By Jonathan Juha, Postmedia News
Friday, October 27, 2017
Future city-owned buildings and facilities are a step closer to become a bit more accessible for people with disabilities.
Pending formal approval from council, the city’s planning and heritage sub-committee voted unanimously on Thursday in favor of approving new accessibility guidelines, which will regulate how new city facilities are built, as well as any renovation projects done to properties currently owned by the city.
Changes Will Regulate How New Facilities Are Built full article
by David Nickle
City Centre Mirror
Aging at home
Med+ Home Health Care manager Ron Wiskin (left) and homeowner Sandra Sexton stands in the acessible bathroom being built at her Hendon Avenue home, on Monday, Sept. 25, that will accommodate her husband and aging parents.
Sandra and Dan Sexton are doing the kind of work on their North York home that usually comes much later in life.
Making a Home Accessible Can Make All the Difference as We Age full article
‘If you have to ask then it is not accessible’
By Jonathan Juha, Postmedia News
Saturday, October 7, 2017
From left to right, Cindy Walker, Sean Beech and their children, Theodore and Hendrik; UPS employee Ron Musselman; and Roger Koert, chair of the city’s accessibility advisory committee. They are all supporters and beneficiaries of the StopGap initiative and would like to see it expand, so participating businesses leave the ramps outside during business hours.
Accessibility Advocates Looking to Expand the Scope of the StopGap Program in the City full article
Bruce Deachman, Ottawa Citizen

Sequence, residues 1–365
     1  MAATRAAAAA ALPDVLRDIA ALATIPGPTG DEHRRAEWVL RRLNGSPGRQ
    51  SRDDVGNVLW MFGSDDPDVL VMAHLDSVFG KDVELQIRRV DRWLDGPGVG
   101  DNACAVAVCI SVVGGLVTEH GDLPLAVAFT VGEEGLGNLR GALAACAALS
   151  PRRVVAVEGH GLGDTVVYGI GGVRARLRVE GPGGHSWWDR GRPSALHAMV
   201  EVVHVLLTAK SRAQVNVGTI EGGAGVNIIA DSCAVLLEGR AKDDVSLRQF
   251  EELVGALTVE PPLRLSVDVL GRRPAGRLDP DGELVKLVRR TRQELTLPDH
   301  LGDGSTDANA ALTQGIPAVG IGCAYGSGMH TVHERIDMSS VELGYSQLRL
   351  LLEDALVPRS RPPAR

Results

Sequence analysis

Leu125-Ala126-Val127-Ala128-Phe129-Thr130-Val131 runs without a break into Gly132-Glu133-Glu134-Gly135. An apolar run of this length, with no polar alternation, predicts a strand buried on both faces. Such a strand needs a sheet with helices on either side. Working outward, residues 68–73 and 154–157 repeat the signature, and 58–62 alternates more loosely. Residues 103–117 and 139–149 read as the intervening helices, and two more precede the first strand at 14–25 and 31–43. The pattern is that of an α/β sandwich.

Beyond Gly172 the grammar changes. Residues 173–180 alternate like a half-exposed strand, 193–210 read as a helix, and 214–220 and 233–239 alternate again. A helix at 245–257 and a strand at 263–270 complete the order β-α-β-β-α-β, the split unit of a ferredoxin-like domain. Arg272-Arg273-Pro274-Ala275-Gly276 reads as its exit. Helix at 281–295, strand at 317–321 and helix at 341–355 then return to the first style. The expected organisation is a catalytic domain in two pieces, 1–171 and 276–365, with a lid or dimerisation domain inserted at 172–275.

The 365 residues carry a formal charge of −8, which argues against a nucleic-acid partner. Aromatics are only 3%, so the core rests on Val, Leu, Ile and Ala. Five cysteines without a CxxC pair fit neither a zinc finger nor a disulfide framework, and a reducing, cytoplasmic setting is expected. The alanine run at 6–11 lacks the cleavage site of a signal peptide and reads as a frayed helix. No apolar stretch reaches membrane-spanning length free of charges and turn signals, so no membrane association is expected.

Published on: October 6, 2017
Children’s Hospital of Eastern Ontario(CHEO) CEO Alex Munter and leukemia patient Sarah Telford.
Just before the elevator doors opened at CHEO, Sarah Telford playfully, but pointedly, picked up a nearby yellow caution cone the kind that warn of wet floors, spills and whatnot and placed it in front of the elevator. When the doors opened, the elevator’s lone occupant, hospital CEO Alex Munter, was compelled to negotiate his way around the obstacle as he exited, no small feat considering that he was in a wheelchair.
How an Ottawa Cancer Patient is Trying to Make CHEO More Accessible for Everyone full article
Accessibility Designed Program creates inclusive living spaces for people using mobility devices
TORONTO, Oct. 3, 2017 /CNW/ – The Daniels Corporation announced a new program offering condominium suites designed specifically for purchasers who use mobility devices. Called ‘Accessibility Designed Program’ (ADP), suites within this innovative program will exceed Ontario Building Code (OBC) requirements by including features such as roll-out/low-threshold balconies with a swing door and large roll-in showers with mosaic tile flooring as standard, at no extra cost.
Daniels Leads Industry in Accessible Housing full article
By Linda Crabtree, The Standard
Friday, September 29, 2017
In 2008, when Sandra Groves moved into her Roehampton Avenue apartment she was walking. Now, nine years later, due to multiple health issues including a balance and muscle condition, she uses an electric wheelchair to get around if she can get out of her building.
A Prisoner in Her Own Home full article
Three student perspectives on accessibility issues at U of T By Varsity Contributors
Published: 2:27 am, 25 September 2017
The University of Toronto remains inaccessible to its students in a number of ways. Below, Comment contributors reflect on access to campus spaces, note-taking through Accessibility Services, and the need for comprehensive and detail-oriented accommodation.